She was Charlotte but we all called her Charlie. It had a certain androgynous ring to it.
By all, I mean a total of not more than 5 people who were part of her circle. I would have said inner circle, but that would imply that there was an outer, potentially larger circle. There was none. She was unrepentantly reticent.
She was taller than the average girl, with a fairly athletic build. Her hair fell in soft coarse curls to the center of her back when she wore it long. It was a dark rich brown, almost brunette colour, reminiscent of African honey. When it wasn’t overcast by the shadow of the hooded sweater jackets she liked to wear, her face was very very beautiful. There were no sharp facial features, but every edge had a softness to it, from the bridge of her nose to her eyebrows and cheekbones. The icing on the cake was a carefully coiffed philtrum giving way to small, but plump full lips. Her eyes were a beautiful brown, with specks of gray and they lit up some when she smiled.
You could tell instantly that she was of mixed heritage. She was French and West African from her father’s side and Ukrainian Jewish from her mother’s side. She didn’t like that people had no difficulty telling she was multiracial. She would often wish she looked more African or more European. She was tired of sitting on the fence. But beautiful she was and she knew it. So, it was quite surprising, her being withdrawn. She wasn’t shy per se, but very choosy whom she traded words with.
I should have felt lucky when she chose to make me closest to her. We met one evening- late summer, early autumn. My friend and classmate, who happened to know her had invited us both to a concert he was playing with his band at the independence square in the center of the city. It was a really good show and everyone left in high spirits. We bumped into each other when I went backstage after the show to congratulate my friend for giving us all a good show and met her there with him. He introduced us and we briefly discussed on the short tram ride back to the dormitories.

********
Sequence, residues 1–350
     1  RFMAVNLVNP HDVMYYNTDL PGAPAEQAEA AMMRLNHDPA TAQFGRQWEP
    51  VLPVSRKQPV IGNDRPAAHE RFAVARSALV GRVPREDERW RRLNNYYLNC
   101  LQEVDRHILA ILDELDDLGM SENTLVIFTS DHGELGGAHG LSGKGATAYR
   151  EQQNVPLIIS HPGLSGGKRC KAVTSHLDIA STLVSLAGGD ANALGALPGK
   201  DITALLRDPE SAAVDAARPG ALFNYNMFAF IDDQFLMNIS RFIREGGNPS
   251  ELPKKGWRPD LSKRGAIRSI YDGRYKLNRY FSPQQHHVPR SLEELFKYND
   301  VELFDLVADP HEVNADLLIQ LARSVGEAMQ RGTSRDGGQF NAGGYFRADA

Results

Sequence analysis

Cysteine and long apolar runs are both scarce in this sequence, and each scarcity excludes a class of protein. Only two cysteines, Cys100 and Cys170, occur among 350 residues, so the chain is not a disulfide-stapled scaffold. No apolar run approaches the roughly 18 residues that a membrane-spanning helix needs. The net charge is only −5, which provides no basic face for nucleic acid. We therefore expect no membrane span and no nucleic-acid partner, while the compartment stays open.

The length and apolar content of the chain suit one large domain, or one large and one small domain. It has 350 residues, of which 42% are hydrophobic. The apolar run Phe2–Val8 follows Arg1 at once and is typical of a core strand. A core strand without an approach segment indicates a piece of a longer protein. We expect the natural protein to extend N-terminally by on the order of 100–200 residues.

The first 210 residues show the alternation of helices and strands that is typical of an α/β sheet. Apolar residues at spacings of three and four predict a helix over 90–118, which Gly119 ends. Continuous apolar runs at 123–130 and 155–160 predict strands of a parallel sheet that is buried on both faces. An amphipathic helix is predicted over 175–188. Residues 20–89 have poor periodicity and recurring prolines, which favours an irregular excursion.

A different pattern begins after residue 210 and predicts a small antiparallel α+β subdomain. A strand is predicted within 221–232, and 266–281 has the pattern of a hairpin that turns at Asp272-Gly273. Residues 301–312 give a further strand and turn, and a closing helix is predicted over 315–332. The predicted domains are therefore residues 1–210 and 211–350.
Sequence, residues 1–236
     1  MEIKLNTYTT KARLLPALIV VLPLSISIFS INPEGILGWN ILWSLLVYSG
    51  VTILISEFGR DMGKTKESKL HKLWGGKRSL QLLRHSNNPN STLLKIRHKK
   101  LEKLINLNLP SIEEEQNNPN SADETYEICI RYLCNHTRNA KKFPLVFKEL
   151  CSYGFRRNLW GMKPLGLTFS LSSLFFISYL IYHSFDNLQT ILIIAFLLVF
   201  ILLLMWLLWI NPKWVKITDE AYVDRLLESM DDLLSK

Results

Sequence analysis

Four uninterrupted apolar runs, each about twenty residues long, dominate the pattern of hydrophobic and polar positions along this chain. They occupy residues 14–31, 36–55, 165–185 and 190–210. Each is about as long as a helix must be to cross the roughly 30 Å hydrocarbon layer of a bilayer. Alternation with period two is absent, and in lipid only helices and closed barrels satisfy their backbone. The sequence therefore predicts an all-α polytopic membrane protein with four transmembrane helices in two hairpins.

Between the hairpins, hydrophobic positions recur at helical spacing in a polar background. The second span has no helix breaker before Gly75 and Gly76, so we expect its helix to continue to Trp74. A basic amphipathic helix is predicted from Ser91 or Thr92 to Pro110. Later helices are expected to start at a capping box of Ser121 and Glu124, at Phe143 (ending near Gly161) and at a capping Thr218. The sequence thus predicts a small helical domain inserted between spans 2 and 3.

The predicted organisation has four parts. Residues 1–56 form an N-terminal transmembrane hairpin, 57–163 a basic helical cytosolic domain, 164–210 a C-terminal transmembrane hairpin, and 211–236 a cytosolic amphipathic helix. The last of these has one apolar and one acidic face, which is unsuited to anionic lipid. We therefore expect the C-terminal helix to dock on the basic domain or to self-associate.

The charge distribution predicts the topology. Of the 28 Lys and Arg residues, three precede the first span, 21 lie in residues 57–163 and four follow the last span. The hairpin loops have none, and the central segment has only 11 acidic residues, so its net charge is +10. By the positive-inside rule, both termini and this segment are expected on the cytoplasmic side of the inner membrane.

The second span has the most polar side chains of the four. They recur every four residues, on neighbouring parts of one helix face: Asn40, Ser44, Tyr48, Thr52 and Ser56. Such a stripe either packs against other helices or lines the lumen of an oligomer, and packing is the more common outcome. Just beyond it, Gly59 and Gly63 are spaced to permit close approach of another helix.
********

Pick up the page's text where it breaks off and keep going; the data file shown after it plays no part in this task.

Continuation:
I invited her to a medical students’ conference I was helping to organize the following weekend. Typical nerd, maybe. She declined when I asked for her cell number, so that I could send her a reminder. I thought no further of the encounter and moved on with my life. I saw her very few times afterwards, always alone, always from afar.
Color me surprised then, when after the summer vacations that year, I was standing over the sink doing dishes in the kitchen of our nearly deserted floor when no other than Charlie walked in. She was with her mother. How did I know? They spoke in French, her preferred language and she had a more-than-passing resemblance to the older woman. First, they walked past, then they doubled back and asked me if there were any free places on our floor, since she was moving out from the floor for prep faculty students. I told them I didn’t know of any, but that I’d ask one of my neighbors who was presently off for a few weeks at the coast and who’d kniw better. This time, she volunteered her phone number.
I didn’t save it to my phone book. A little arrogant maybe.
That autumn, I moved to another dorm and one day, while going out to buy groceries, I saw the mother-daughter duo moving into the same dorm. I said hello and asked if they had any luck finding a good place. I guess by now, she was already tired of running into me. I excused myself, and ran along to where I was going.
I wasn’t expecting it at all when she gave me a call, more than 2 months later. I was on my way from one hospital to the other- between classes. At first I didn’t even know whom I was speaking with, but I played it by the ear. Next came the text messages. She wanted to meet. I showed her to my room and we started getting to know each other better…
If there’s any girl I feel that I have treated badly, since I discovered the difference between boys and girls, it’s Charlie. I have always prided myself on being a gentleman, in and out of all my relationships. She stands there alone – one dark blemish on what had otherwise been an impressive record.
It’s probably too late Charlie, but there are a few things I should have said when we were together, things that might have changed how things ended between us. If you ever get to read this, I mean every syllable. I only wish I had the courage to tell them to you in person. When I had the chance.